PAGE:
Find the scariest star in the sky in October
Soon our streets will be filled with ghosts, monsters, witches, superheroes and princesses as we prepare to celebrate Halloween.
You don’t often see astronomers or even a Hubble Telescope costume, although Halloween is an astronomical holiday.
Halloween (October 31) is a crossed date, which means it is halfway between an equinox and a solstice. The other dates crossed during the year are Groundhog Day (February 2), May 1 (May 1) and Lammas Day (August 1).
Each is a minor holiday, with May 1 being a celebration of spring and Lamma Day observed in Britain as a harvest festival.
Cross days are one of the eight major subdivisions each year, which also include the March and September equinoxes and the June and December solstices.
Halloween is the darkest of the inter-neighborhood days. Imagine living before clocks and calendars. Measuring the passage of time was an astronomical task.
Long ago, the Celts of the British Isles used crossed quarter days to mark the start of seasons. The winter season started on Halloween or All Saints’ Day. The Celts celebrated with a festival called Samhain. This day marked the end of summer and the harvest and marked the transition between light and dark and life and death.
According to folklore, it has been said that the spirits of the dead roam from sunset until midnight around Halloween. After midnight on November 1, which is now called All Saints’ Day, the ghosts rested. The Celts also prepared food and lit fires to aid the spirits on their journeys.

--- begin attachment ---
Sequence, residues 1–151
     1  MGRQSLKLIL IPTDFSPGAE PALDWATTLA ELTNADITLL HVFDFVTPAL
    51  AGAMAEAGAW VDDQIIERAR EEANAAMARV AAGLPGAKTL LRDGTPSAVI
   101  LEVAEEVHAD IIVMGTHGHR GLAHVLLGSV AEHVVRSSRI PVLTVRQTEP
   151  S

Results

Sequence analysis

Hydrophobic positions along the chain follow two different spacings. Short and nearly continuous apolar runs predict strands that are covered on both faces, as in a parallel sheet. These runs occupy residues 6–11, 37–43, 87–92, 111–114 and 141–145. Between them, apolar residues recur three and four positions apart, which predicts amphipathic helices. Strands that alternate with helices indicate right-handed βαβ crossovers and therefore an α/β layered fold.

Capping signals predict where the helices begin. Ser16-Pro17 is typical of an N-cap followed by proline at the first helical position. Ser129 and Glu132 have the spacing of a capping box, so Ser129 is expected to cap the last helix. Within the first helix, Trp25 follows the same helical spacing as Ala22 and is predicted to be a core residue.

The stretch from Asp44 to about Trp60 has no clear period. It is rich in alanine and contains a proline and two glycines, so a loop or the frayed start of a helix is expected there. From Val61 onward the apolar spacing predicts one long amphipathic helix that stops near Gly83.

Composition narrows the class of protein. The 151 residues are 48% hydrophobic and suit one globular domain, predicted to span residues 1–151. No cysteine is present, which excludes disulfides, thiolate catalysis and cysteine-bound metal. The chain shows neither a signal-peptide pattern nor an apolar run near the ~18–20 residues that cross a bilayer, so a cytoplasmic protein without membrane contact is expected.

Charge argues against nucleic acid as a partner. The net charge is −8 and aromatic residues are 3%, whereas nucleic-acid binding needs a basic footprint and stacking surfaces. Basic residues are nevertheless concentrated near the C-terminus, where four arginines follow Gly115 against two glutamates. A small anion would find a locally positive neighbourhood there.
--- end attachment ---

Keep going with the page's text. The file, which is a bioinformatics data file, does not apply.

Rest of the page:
As you celebrate the start of the Dark Season with your ghosts and goblins, be sure to look up to the northeast. You will live a breathtaking experience.
In the constellation Perseus you will find the scariest star in the sky! The star is Algol and she is nicknamed “the star of the demon”. In the lore of the stars, this star is said to be the head of the terrifying Medusa, who had hair snakes. One look at her would turn you to stone.
Algol is a variable star, therefore its luminosity increases and decreases. It is the most famous of the variable stars. It brightens and darkens like clockwork with a full cycle of two days, 20 hours, 49 minutes. Long ago, people called Algol the Evil Jellyfish Blinking Eye. Sinister!
You may also spot a Halloween fireball from the Taurid meteor shower, which is visible from late October through December. Meteors are not as common but are larger in size, producing bright meteors and a few fireballs. The other meteor shower for October is the Orionid, which peaks on October 21. Earth will pass through the debris of the famous Halley’s Comet and rain will radiate from the constellation Orion. This year, the light of the near full moon will interfere with the shower.
Night sky for October